MELVILLE'S 1850 REVIEW of Nathaniel Hawthorne Mosses from an Old Manse provides a starting point from which to gauge the relation between individual creativity and cultural practice. Though frequently remembered for celebrating Hawthorne's "blackness of darkness," Melville presents a bivalent formulation of genius:
Whereas great geniuses are parts of the times, they themselves are the times, and possess a correspondent coloring.1
This formulation suggests a cultural indebtedness usually overlooked in studies that emphasize Melville's "classic," asocial status.
But can we assume a correspondent coloring between Melville's own progressiveness and that of his contemporaries? Certainly other "classic" writers shared Melville's views on artistry. Poe and Hawthorne too described genius as a mixture of cultural forms and personal insights: Hawthorne referred to genius as "the newspaper of a century," while Poe asserted that originality "is carefully patiently, and understandingly to combine."2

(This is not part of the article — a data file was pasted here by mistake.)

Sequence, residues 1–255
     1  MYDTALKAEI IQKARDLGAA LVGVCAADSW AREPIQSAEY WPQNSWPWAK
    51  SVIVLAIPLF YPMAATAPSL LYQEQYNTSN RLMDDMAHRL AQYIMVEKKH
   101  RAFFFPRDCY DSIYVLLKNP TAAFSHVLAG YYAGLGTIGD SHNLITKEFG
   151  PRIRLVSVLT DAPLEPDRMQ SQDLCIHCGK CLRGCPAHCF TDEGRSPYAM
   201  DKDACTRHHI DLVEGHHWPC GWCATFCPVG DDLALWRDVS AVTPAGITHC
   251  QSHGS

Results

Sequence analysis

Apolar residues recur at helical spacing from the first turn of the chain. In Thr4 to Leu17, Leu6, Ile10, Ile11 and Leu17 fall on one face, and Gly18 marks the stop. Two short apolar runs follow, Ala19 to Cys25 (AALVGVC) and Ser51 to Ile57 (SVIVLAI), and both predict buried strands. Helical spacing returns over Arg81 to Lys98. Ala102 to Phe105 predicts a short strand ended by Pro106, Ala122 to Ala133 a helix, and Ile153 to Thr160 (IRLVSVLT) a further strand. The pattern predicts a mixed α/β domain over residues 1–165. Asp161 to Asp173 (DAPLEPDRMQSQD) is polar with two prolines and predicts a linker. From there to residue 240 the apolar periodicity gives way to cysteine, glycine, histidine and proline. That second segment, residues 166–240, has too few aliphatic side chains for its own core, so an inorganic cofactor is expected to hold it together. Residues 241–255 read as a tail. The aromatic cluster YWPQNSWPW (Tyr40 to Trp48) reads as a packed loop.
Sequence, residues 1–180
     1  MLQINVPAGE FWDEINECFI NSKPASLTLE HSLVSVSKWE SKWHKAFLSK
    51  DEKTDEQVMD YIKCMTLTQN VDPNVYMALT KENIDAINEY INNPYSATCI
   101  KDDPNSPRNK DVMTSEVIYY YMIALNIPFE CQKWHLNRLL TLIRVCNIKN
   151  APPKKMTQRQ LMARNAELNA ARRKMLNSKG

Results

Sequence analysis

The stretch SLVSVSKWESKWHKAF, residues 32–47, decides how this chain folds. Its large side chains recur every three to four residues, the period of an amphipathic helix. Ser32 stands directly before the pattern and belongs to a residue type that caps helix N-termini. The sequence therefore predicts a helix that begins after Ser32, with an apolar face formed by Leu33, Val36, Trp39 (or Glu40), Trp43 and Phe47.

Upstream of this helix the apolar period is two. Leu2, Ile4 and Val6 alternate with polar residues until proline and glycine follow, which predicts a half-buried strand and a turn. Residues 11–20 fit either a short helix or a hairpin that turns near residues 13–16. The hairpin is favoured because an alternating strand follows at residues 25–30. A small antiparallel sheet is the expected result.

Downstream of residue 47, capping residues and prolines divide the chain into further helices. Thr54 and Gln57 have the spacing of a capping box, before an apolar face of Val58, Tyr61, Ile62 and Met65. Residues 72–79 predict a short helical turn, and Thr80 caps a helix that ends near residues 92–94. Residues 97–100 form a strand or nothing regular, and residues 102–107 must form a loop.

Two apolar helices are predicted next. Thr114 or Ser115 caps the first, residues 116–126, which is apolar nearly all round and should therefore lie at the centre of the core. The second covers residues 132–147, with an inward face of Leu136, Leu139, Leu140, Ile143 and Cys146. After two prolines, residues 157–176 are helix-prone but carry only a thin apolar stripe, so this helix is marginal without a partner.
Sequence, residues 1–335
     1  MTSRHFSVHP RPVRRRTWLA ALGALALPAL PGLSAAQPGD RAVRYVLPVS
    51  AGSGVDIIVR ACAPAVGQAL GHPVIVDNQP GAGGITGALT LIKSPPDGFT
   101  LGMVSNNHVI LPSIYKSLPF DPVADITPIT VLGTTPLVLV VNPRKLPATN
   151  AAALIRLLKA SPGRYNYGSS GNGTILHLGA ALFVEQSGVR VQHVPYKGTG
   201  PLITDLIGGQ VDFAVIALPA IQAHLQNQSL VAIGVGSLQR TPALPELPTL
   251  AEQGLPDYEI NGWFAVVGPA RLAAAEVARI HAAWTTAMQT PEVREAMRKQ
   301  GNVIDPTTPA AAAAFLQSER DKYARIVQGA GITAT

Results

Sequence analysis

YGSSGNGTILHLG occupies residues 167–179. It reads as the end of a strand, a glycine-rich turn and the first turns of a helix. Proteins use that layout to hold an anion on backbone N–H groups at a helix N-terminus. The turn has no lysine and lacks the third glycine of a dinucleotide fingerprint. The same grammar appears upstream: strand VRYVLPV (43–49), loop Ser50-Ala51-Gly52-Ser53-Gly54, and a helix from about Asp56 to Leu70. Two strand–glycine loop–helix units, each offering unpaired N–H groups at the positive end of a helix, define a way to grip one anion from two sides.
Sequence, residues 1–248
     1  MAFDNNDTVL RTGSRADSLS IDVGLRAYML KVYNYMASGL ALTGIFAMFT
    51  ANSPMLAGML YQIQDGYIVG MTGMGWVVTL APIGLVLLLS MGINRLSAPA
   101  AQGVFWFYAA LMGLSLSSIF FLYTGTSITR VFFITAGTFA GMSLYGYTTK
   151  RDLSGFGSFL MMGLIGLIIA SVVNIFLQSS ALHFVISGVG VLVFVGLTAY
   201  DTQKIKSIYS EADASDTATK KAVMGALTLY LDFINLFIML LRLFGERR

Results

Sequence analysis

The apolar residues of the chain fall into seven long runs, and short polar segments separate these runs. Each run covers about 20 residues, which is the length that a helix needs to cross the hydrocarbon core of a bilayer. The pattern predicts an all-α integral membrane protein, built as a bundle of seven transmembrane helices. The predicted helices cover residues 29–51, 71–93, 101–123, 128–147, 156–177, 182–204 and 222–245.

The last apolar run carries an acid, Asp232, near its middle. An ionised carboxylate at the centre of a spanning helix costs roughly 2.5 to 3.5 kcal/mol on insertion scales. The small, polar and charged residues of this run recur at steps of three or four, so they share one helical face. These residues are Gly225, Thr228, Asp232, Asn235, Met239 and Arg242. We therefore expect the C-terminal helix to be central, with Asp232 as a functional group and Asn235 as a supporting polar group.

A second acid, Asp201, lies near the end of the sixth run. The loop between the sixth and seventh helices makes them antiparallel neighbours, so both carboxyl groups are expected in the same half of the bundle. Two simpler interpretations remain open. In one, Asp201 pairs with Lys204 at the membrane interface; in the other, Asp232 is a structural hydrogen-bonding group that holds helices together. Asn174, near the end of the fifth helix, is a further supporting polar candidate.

This book explores the relation between Herman Melville and the mid-nineteenth-century literary marketplace. American authors such as Melville who attempted both to profit from and to serve as prophets of the literary word faced the challenge of combining personal visions with the complexities of literary production at midcentury: the attempt to cater simultaneously to British and American tastes, to write for divergent readerships in America, to negotiate the critical
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Publication information: Book title: Correspondent Colorings:Melville in the Marketplace. Contributors: Sheila Post-Lauria - Author. Publisher: University of Massachusetts Press. Place of publication: Amherst . Publication year: 1996. Page number: xi.
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